October 15, 2020 - Fundación MAPFRE - Bill Brandt
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October 15, 2020

Fundación MAPFRE

Bill Brandt, Francis Bacon on Primrose Hill, London, 1963. Private collection. Courtesy Bill Brandt Archive and Edwynn Houk Gallery. © Bill Brandt / Bill Brandt Archive Ltd.*

Bill Brandt
October 9, 2020–January 24, 2021

Fundación MAPFRE
KBr Fundación MAPFRE Photography Centre
Avenida del Litoral 30
08005 Barcelona Barcelona
Spain
Hours: Tuesday–Sunday 11am–8pm

T +34 932 71 31 80
infokbr@fundacionmapfre.org

kbr.fundacionmapfre.org
Facebook / Twitter / Instagram

Bill Brandt
October 9, 2020–January 24, 2021

Fundación MAPFRE
KBr Fundación MAPFRE Photography Centre
Avenida del Litoral 30
08005 Barcelona Barcelona
Spain
Hours: Tuesday–Sunday 11am–8pm

T +34 932 71 31 80
infokbr@fundacionmapfre.org

kbr.fundacionmapfre.org
Facebook / Twitter / Instagram

Fundación MAPFRE is presenting the first retrospective in Spain on Bill Brandt (1904-1983), considered one of the most influential British artists of the 20th century. Produced by Fundación MAPFRE and curated by Ramón Esparza, doctor of Communication Sciences and professor of Audiovisual Communication at the Universidad del País Vasco, the exhibition brings together 186 photographs developed by Brandt himself who, over the course of five decades, made use of almost all the photographic genres: social documentary, portraiture, the nude and landscape.

Born Hermann Wilhelm Brandt in Hamburg in 1904 to a wealthy family of Russian origin, after a period living in Vienna and Paris Brandt decided to settle in London in 1934. Within the context of growing hostility to all things German due to the rise of Nazism, he attempted to erase all traces of his origins to the point of stating that he was British by nationality. This concealment and the creation of a new personality enveloped Brandt’s life in an aura of mystery and conflict that is directly reflected in his works.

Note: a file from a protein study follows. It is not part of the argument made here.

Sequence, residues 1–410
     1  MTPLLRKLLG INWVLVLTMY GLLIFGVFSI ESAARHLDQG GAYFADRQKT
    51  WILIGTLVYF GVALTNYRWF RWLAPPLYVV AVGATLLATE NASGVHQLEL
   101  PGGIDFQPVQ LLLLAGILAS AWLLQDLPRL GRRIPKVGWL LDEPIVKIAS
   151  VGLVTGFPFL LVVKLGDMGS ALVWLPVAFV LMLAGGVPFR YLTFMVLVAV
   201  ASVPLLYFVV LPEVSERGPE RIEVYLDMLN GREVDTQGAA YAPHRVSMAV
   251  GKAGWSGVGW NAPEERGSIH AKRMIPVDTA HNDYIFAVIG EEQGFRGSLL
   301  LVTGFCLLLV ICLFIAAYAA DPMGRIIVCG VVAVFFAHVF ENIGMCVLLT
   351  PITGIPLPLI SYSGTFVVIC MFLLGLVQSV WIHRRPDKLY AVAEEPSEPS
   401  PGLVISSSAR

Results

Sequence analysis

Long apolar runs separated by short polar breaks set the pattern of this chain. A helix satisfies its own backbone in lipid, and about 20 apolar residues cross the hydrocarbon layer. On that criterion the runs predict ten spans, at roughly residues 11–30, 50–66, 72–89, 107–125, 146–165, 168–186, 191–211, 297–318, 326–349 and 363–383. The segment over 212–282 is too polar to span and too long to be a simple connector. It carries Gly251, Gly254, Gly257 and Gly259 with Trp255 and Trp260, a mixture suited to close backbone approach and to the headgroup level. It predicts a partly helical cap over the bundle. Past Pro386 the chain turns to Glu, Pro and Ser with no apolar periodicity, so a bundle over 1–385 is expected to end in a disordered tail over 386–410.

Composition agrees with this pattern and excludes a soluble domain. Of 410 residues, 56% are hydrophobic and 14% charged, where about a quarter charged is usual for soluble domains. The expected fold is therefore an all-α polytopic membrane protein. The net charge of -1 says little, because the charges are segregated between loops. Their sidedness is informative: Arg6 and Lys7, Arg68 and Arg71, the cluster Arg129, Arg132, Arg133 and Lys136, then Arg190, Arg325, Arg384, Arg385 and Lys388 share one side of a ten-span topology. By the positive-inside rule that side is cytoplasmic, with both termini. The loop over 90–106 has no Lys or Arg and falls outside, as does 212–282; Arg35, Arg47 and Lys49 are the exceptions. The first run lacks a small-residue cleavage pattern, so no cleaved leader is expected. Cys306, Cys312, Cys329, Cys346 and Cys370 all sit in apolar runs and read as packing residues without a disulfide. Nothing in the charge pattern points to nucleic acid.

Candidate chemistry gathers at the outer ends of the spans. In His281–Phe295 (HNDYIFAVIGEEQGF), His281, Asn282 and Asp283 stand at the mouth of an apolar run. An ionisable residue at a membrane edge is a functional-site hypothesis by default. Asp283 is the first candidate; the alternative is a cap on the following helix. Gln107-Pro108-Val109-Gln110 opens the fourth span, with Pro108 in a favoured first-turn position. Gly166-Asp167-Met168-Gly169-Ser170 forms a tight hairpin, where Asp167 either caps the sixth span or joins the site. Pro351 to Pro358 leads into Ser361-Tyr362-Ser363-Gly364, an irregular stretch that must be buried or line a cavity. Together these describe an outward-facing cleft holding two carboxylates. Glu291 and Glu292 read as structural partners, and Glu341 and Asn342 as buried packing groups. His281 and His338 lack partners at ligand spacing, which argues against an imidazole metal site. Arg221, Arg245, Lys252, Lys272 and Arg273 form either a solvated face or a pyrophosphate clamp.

This aspect combines with the photographer’s interest in psychoanalysis, which he underwent during his youth in Vienna. A few years earlier, in 1919, Sigmund Freud had published the essay Das Unheimliche in which he analysed this term, which is generally translated as “the uncanny” in the sense of something that produces unease. Almost all Brandt’s photographs, both the pre-war social documentary type and those from his subsequent more “artistic” phase, possess a powerful poetic charge as well as that very typical aura of strangeness and mystery in which, as in his own life, reality and fiction are always mixed.

The structure of the exhibition, which is divided into six sections, reveals how all these qualities—in which identity and the concept of “the uncanny” become the principal ones—blend together in the work of this eclectic artist. Above all Brandt was considered a flâneur or stroller in a way comparable to his admired Eugène Atget, whom he always considered one of his masters. The exhibition also reveals the relationship between Brandt’s images and Dada and Surrealism. This interest is reflected in clear references to psychoanalytical issues, expressed through increasingly sombre tones and an obsession with collecting found objects.

The exhibition is completed with a range of documentation, a number of Brandt’s cameras and examples of the illustrated press of the period that published some of his most iconic images. All this has been made possible courtesy of the Bill Brandt Archive in London and the Edwynn Houk Gallery in New York.

After being shown in Barcelona, the show will travel to the Versicherungskammer Kulturstiftung in Munich, Fundación MAPFRE’s Sala Recoletos in Madrid and the FOAM in Amsterdam.

The catalogue that accompanies it, published in Spanish, Catalan, English and French,  includes reproductions of all the works on display, in addition to a principal essay by the project’s curator, Ramón Esparza, and another by Maud de la Forterie, doctor in Art History at the Sorbonne, whose doctoral thesis was devoted to the work of Bill Brandt. The catalogue also features an essay by Nigel Warburton on the artist, originally published in 1993 and revised for the present edition, and Bill Brandt’s text “A Statement” which was published in the magazine Album in March 1970.

*The photographs cannot be bled, cropped, guttered, overprinted or altered in any way, whether it be color proportion or form. It is also not allowed to write, superimpose or add any text on the images.The reproduction of the photographs must be accompanied by the pertinent copyright and courtesy lines.

The reproduction of images in on-line publications and media is allowed only for exhibition publicity and dissemination where the resolution of the reproduction is a maximum 72 dpi/204 pixels in a non-downloadable format.

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